A more radical approach to "Vision Zero" is needed: reconstructing streets out of different materials to reduce speeds
GGW has a piece, "Abdul Seck, the pedestrian hit in a crash in Anacostia on Sunday, has died," about the death of a pedestrian as a result of a crash caused by a vehicle driven (1) at a high rate of speed; (2) running a red light; (3) hitting another vehicle; (4) and careening vehicles ended up on the sidewalk, where Mr. Seck was walking.
(Ironically, a not dissimilar situation resulted in the death of a cyclist a few days before: "At vigil for fallen DC bicyclist, activists call for safer streets for bikers," WTOP-radio). A cyclist waiting at an intersection for the light to change was hit by a careening vehicle hit by a speeding van.)
The GGW article embeds lots of tweets from people writing about how they've asked for painting of crosswalks etc. which would have had zero preventative impact on the situation described above.
And as a contrast, just yesterday the Arizona Daily Star ran a column entitled "As pedestrians die, Tucson accommodates bad drivers," about the pro-motor vehicle operator planning paradigm there, where because aggressive driving is so rampant, transportation departments remove crosswalks so as to not give the impression that it is safe to walk across the street. From the article:
This is what we’ve come to in Tucson: Crosswalks are so dangerous that city officials consider it safer to remove some of them than to leave them in place. Otherwise, the officials conclude, pedestrians think they may actually be safe crossing the street at a crosswalk, which is obviously not the case.Vision Zero. For all the talk of Vision Zero, which aims to:
As Kylie Walzak of the Living Streets Alliance told me, “We’re giving people fewer options because it’s unsafe. Well, make it safe!”
achieve a highway system with no fatalities or serious injuries involving road trafficand I've put forward various frameworks for implementing it here:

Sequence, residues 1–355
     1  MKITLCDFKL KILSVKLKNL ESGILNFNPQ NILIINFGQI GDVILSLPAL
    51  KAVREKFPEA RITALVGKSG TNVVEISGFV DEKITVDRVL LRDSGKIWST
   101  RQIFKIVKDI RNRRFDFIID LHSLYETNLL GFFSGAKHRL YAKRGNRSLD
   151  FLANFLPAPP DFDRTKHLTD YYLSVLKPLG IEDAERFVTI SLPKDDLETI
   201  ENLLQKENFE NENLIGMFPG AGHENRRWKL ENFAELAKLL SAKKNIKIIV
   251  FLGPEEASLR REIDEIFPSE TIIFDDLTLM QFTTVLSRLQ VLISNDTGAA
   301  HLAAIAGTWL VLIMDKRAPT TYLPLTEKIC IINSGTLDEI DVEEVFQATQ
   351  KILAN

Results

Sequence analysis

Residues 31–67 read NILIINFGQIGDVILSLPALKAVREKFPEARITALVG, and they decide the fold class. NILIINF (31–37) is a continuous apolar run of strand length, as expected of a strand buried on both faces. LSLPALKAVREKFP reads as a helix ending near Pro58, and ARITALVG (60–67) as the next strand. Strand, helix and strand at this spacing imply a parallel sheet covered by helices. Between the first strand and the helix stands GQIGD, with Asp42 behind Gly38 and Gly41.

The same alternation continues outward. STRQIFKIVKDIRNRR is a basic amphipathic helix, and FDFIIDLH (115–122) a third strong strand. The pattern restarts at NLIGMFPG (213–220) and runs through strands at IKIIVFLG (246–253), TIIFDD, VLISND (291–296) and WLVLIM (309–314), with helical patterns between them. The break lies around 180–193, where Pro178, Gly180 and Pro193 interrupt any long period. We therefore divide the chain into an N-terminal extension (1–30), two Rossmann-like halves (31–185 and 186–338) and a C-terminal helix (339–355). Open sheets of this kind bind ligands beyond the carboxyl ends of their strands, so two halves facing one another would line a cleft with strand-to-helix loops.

-- "A reminder about how the entitlement of automobility is embedded into law and democratizes death by accident," 2014
-- "A "Vision Zero" agenda for DC," 2014
-- "DC and Vision Zero Revisited," 2015
-- "Updating Vision Zero approaches," 2016
-- "First global benchmark for road safety in cities published by International Transport Forum," 2018
we are doing road redesigns in terms of adding various safety treatments, including narrowing lane widths, but the mobility paradigm still favors the automobile primacy.
Towards radical practice. I suggest we change roadway materials in cities and towns in order to make driving slower.
It happens I wrote about this last month. "Pedestrian fatalities and street design," responds to reporting on last year's pedestrian death statistics, which are on the rise. (Also see "First global benchmark for road safety in cities published by International Transport Forum.")
The (re-ordered from the entry) argument is pretty basic:
1. On neighborhood streets, compared to automobiles, why are the rights of pedestrians subservient to cars?
2. Every community has "Boulevards of Death" which are particularly problematic.
3. We need to "dumb down" roads to make them better fit their context--freeways should allow for high speeds, neighborhoods streets and community serving arterials shouldn't enable high speeds.
4. Therefore, why aren't we re/designing streets in terms of the land use context? The transportation planning system develops all roads, to allow cars to be driven at high speeds, regardless of land use context.
5. The next step is to change the way we construct streets, so that desired operating speed of motor vehicles matches actual behavior.
Matrix of Design Values based on land use context: Walking cities need slower vehicle traffic. While it needs some serious updating and extension of the concepts presented, the Smart Transportation Guidebook does a good job in laying out a framework for considering "street design values" in terms of (1) land use context; (2) the purpose of the road (community vs. regional serving); (3) desired operating speed of motor vehicles; (4) roadway characteristics; and (5) roadside characteristics.